Beset by the crises of middle age, an author and his photographer wife walk from Paris to the Pyrenees along the Way of Saint James.
Just before he turned 50, food and travel writer Downie (Paris, Paris: Journey into the City of Light, 2011, etc.) discovered that his gluttonous ways had finally caught up to him. Doctors told him that he had become “in essence, a walking foie gras” and was in imminent danger of liver failure. Disillusioned as well by “the forced cleverness of corporate magazine writing,” Downie decided to take time off to recover his health and rejuvenate his world-wearied spirit. A few days before Easter, he and his wife set off down the Rue Saint-Jacques, which marked the start of the route medieval pilgrims took from Paris to the shrine of St. James in Spain. Downie’s desire to trek across France had little to do with any need to find God. “I hadn’t escaped the gurus and drug culture of California to wind up Catholic in France,” he writes. His journey—most of which would take him along old Roman roads and pilgrim routes that wound through the Burgundy countryside—was one he hoped would re-inspire him to ask the “big questions” that had once fired his imagination. Along the “maverick way” the couple followed (and which he documents with photographs), Downie was drawn to the way Celtic and Roman history intermingled in the landscape, architecture and people. He came to understand that however modern France appeared to be, it lived “simultaneously in the past and present.” More profoundly, he realized that he was ultimately no different from the pilgrims who had walked “The Way” before him. His pilgrimage, like theirs, was “both the question and the answer” and a means to heightened awareness.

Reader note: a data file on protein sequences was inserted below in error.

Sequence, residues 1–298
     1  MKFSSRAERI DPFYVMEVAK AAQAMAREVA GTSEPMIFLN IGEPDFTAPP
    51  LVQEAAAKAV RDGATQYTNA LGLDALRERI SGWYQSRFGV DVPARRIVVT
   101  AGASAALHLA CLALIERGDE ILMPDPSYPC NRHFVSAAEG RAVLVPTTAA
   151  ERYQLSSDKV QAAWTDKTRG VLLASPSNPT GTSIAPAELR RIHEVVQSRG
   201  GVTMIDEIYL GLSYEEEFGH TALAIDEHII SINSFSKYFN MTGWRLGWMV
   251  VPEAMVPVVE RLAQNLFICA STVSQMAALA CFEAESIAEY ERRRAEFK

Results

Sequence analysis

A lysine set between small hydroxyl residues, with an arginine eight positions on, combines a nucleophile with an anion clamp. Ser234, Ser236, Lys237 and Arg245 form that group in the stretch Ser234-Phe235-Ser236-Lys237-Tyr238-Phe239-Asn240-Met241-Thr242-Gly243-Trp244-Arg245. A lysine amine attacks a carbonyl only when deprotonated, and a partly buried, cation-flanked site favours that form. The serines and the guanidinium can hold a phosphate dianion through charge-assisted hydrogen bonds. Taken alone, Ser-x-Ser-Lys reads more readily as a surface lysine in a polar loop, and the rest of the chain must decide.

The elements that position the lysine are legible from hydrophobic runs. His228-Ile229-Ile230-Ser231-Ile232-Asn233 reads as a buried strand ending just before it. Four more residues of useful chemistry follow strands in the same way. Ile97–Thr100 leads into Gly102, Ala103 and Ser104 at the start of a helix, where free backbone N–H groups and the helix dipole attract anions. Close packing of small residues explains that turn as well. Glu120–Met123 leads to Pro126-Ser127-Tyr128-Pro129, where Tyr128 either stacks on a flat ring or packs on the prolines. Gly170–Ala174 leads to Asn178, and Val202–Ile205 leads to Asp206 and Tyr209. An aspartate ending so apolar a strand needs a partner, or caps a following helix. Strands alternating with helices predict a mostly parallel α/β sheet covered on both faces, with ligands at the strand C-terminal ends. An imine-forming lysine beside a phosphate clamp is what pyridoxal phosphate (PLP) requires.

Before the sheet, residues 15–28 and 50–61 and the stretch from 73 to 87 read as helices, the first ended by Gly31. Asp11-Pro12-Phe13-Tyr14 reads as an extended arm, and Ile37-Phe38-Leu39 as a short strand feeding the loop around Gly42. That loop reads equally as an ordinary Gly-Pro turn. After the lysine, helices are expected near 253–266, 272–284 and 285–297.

A witty and intelligent spin on the spiritual-journey motif.